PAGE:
Projects per year
The broad, long-term objectives of this project are to determine the contributions of ErbBt (EGFR/HER1) and related molecule ErbB2 (HER2/neu) to breast cancer invasiveness, intravasation and metastasis. The contributions of these molecules to tumor cell motility and invasion rather than growth could be significant and not addressed by normal clinical trials. There are three specific aims that will evaluate particular aspects of the contributions of ErbB1 and ErbB2 to invasion and intravasation. The first aim will examine the possible activation of the EGF/CSF1 paracrine loop by other receptor/ligand pairs besides just EGF and CSF1 and the involvement of other stromal cells. The second aim will explore in more detail the elements of the ErbB2 molecule that contribute to invasion and metastasis. The third aim will compare the contributions of specific molecules to in vivo invasion and intravasation. These objective will be achieved using a variety of breast cancer models including breast cancer cell lines, transgenic models of breast cancer, and xenograft models of patient cancer. In vivo invasion measurements will be made using imposed ligand sources. Multiphoton imaging of multiple cell types using fluorescent protein labeling will define the relationships and motion of both tumor and stromal cells in the primary tumor microenvironment. The relevance of this work is in improving our understanding of how breast cancer spreads away from the primary tumor. By identifying the mechanisms by which tumor cells can move out from the primary tumor and enter blood vessels, we hope to identify new ways in which metastasis can be attacked.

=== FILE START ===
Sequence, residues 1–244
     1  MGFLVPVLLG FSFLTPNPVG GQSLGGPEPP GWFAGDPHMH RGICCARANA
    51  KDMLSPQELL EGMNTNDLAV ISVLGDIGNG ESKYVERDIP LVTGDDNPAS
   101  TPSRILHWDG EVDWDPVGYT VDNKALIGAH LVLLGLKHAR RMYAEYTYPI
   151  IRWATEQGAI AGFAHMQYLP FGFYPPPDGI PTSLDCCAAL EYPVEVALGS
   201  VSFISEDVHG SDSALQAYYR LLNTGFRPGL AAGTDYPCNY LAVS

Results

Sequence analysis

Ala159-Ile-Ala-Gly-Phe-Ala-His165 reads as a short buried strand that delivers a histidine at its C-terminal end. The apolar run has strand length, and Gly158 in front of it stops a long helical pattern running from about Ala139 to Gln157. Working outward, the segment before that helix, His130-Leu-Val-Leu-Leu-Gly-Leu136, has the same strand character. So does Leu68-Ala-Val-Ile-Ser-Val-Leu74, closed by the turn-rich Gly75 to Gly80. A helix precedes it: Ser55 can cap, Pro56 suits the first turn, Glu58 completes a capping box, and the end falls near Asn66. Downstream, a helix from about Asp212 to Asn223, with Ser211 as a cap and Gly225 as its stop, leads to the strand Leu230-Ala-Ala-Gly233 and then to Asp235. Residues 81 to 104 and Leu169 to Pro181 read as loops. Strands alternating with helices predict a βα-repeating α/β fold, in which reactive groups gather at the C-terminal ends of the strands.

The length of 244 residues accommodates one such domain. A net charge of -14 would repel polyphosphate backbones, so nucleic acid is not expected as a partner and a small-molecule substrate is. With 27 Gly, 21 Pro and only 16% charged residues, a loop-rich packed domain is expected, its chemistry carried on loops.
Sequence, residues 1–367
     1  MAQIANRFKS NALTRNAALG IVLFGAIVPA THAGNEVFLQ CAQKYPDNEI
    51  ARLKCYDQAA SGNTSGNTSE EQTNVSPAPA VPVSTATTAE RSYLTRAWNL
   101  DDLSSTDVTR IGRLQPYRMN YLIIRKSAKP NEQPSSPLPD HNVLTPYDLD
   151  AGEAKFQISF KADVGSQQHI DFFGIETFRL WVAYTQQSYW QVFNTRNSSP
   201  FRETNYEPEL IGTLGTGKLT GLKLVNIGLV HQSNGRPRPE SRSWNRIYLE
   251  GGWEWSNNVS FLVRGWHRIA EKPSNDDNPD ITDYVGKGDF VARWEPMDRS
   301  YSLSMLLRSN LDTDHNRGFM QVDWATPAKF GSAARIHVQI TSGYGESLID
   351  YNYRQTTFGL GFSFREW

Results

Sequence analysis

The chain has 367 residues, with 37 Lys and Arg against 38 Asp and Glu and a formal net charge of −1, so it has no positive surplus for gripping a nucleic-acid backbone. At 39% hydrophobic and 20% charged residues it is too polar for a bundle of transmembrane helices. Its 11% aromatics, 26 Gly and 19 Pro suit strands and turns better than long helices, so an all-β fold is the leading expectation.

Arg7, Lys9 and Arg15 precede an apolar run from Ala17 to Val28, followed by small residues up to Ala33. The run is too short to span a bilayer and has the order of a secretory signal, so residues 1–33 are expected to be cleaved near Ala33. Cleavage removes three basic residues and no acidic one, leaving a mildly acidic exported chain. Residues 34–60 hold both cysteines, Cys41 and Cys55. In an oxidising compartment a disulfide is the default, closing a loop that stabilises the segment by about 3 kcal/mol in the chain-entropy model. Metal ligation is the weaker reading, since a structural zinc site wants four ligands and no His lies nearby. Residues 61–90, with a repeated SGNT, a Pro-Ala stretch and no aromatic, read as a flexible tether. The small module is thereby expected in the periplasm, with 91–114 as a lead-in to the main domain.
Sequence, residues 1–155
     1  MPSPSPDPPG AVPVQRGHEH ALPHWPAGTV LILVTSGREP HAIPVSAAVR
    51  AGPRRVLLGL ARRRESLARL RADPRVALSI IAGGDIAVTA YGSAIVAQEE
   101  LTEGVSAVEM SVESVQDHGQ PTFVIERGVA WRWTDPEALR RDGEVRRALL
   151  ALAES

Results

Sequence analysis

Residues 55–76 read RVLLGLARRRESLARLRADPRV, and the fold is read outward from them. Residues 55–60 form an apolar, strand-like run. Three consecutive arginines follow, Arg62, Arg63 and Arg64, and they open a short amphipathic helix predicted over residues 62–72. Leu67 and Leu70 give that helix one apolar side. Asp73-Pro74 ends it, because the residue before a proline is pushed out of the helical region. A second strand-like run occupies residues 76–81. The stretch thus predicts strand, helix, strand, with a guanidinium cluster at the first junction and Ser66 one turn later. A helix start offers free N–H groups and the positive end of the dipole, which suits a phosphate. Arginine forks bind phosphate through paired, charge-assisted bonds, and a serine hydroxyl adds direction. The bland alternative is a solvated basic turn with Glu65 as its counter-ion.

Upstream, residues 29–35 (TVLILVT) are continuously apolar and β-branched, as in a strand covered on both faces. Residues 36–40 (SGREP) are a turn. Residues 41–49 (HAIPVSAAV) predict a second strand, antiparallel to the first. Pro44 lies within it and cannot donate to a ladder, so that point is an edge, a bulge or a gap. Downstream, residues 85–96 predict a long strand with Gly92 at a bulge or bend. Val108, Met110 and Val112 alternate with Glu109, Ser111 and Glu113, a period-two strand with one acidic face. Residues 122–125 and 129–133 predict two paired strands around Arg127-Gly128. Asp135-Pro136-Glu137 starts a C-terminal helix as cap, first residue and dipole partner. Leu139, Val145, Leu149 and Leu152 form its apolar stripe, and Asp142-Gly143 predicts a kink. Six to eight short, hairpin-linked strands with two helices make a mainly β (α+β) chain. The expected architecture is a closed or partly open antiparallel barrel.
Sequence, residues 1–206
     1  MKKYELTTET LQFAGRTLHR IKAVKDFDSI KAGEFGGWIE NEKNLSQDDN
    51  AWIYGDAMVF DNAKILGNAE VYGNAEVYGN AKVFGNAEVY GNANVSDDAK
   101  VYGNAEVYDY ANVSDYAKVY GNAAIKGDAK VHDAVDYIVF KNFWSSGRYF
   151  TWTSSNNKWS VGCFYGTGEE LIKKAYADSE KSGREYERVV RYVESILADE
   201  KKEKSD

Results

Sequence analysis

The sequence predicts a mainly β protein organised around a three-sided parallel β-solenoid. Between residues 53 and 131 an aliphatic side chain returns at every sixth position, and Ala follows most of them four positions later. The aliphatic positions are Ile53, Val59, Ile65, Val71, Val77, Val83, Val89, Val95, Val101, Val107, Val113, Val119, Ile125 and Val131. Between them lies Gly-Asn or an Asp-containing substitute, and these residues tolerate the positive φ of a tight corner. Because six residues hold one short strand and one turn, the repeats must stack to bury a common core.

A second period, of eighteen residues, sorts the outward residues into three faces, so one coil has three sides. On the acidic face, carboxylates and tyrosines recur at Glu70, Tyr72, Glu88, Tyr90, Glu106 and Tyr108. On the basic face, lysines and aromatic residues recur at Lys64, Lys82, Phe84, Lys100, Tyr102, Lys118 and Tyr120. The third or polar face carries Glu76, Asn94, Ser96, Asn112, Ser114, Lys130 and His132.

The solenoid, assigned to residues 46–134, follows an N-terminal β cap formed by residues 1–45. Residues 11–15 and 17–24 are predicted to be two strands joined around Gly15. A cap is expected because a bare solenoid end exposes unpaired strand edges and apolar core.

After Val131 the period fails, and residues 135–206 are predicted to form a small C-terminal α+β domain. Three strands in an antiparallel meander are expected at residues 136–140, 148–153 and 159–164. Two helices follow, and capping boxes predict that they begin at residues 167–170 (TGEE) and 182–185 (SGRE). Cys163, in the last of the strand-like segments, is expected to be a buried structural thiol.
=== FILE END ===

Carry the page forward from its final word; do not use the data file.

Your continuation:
|Effective start/end date||6/1/09 → 5/31/13|
- National Cancer Institute: $226,378.00
- National Cancer Institute: $233,379.00
- National Cancer Institute: $228,799.00
- National Cancer Institute: $234,432.00
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